One of the books I’m currently reading is a wonderful book by W. Alan Wallace, titled Mind in the Balance: Meditation in Science, Buddhism and Christianity. Wallace presents what he terms a multicultural view of meditation, not rooted in faith, that seeks to help one develop insight into the nature of mind and consciousness.
Among other benefits of mindfulness meditation is its aid in combating habitual tendencies that interfere with the mind’s ability to heal itself. Just as the body has an “astonishing ability to mend its wounds and cleanse itself of injurious agents from the environment, so long as we allow it to do so by “keeping a wound clean and bandaged, setting a broken bone, or surgically removing contaminated tissue,” so too the mind has great potential to heal itself, so long as it is settled in its natural state.
However, we don’t create the conditions that allow it to do so. Wallace writes
The problem is that when the mind is wounded – by trauma from a natural disaster, social conflict, or illness, by other people’s abuse, or even by our own harmful behavior – we often let those wounds fester. The mind obsessively churns up memories of the past or speculations about the future and we compulsively fixate and elaborate on them in ways that aggravate our mental afflictions. Psychologists call this tendency rumination, and it’s a way that mental wounds become infected, which obstructs the natural healing capacity of the mind.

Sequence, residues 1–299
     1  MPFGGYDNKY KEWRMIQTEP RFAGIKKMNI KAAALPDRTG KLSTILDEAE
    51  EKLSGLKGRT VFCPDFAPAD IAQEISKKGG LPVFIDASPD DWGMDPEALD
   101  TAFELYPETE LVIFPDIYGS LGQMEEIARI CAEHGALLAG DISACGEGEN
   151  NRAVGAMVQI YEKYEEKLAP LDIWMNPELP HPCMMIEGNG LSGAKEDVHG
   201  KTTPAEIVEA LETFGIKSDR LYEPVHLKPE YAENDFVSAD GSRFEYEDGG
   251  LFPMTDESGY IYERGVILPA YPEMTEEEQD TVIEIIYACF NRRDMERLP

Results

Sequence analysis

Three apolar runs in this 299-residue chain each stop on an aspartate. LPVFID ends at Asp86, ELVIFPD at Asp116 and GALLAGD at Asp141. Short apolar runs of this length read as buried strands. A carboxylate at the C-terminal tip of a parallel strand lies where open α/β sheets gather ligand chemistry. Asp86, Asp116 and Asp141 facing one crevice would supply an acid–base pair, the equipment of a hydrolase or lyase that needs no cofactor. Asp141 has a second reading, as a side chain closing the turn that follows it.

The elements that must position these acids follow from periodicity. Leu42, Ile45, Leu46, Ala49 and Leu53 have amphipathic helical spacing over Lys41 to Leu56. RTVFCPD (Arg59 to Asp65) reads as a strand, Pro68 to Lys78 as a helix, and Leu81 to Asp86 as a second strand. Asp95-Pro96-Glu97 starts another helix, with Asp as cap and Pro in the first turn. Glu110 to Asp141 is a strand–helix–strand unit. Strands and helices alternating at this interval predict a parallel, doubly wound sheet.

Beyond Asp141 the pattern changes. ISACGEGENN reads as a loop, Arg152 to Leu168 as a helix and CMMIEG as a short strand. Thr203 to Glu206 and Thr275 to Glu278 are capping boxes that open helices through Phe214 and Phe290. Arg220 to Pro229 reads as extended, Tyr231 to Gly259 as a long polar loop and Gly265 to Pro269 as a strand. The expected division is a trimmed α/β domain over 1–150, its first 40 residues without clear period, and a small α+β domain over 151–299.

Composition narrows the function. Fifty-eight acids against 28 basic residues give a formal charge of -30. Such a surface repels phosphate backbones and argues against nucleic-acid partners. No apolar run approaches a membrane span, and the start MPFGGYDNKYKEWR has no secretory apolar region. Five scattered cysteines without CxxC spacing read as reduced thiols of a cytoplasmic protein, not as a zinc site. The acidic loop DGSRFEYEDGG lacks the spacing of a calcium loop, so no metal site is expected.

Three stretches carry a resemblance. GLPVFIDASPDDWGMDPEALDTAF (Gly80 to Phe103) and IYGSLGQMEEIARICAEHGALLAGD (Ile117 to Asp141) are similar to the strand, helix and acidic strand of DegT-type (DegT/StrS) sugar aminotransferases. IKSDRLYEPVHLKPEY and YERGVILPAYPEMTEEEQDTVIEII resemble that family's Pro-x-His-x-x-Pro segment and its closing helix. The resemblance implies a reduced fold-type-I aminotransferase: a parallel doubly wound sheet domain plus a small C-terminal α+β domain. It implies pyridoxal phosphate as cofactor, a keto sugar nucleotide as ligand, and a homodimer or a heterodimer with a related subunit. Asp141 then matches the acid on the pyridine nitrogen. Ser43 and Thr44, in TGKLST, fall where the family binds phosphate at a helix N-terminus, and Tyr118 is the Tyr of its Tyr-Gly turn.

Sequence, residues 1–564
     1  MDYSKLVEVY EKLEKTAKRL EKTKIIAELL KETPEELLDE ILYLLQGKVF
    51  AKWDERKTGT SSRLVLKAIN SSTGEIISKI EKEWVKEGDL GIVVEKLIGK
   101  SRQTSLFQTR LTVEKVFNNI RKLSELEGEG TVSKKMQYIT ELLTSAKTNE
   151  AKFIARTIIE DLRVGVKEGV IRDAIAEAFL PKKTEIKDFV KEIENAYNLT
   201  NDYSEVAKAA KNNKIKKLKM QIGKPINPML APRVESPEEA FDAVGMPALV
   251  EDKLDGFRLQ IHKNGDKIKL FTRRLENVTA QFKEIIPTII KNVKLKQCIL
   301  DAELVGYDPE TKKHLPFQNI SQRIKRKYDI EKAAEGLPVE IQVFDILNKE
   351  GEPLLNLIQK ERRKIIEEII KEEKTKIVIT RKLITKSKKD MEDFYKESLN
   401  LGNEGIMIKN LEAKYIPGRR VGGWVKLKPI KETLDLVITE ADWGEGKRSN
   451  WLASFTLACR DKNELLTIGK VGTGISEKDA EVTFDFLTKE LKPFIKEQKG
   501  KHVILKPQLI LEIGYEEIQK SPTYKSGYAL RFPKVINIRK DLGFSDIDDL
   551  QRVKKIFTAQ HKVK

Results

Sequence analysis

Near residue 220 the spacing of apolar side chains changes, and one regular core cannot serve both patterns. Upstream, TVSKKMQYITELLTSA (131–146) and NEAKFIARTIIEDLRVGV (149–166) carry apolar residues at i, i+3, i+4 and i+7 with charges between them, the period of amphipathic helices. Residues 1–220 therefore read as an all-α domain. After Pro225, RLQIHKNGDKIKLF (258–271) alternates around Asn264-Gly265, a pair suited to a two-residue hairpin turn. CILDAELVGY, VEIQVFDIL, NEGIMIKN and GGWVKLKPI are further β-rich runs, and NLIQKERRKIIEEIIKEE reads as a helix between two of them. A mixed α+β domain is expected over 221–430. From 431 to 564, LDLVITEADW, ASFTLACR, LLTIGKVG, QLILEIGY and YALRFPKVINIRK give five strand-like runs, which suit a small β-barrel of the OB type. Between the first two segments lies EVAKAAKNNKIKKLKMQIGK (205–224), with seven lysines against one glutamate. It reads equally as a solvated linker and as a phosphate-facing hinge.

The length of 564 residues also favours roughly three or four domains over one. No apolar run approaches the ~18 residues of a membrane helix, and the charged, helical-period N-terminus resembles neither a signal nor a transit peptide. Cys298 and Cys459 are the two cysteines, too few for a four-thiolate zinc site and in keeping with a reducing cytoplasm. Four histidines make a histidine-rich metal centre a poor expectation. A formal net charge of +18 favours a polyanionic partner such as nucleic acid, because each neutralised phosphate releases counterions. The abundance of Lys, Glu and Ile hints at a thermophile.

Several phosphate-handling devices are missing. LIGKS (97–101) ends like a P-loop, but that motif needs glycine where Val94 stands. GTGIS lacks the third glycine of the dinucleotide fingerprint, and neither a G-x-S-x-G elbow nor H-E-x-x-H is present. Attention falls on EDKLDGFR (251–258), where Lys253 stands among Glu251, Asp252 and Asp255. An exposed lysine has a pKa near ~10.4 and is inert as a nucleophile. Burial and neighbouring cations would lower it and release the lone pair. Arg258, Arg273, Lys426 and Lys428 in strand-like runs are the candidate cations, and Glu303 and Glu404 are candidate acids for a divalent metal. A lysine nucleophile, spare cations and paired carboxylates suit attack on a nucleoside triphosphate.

There seems to be agreement that the human tendency to ruminate can be harmful to physical as well as mental well-being. Yet it is quite a common tendency.
Wallace likens mindfulness meditation to surgically removing infected tissue. The more we can keep our awareness focused on the present moment, allowing the mind to settle into its natural state in which we can observe without judgment and evaluation, the more we allow the mind to heal.
This is not to suggest that meditation is a cure-all and, certainly in the case of serious mental illness is not a substitute for therapy (although it may very well be a useful adjunct). But mindfulness meditation can go very far for many of us in helping us to better respond to painful and unpleasant experiences.